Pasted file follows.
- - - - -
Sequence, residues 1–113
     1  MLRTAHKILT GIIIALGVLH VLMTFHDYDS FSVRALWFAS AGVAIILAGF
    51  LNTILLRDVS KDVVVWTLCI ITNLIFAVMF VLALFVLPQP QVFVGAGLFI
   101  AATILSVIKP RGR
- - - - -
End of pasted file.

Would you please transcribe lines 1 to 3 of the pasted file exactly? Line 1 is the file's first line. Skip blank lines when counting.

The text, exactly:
Sequence, residues 1–113
     1  MLRTAHKILT GIIIALGVLH VLMTFHDYDS FSVRALWFAS AGVAIILAGF
    51  LNTILLRDVS KDVVVWTLCI ITNLIFAVMF VLALFVLPQP QVFVGAGLFI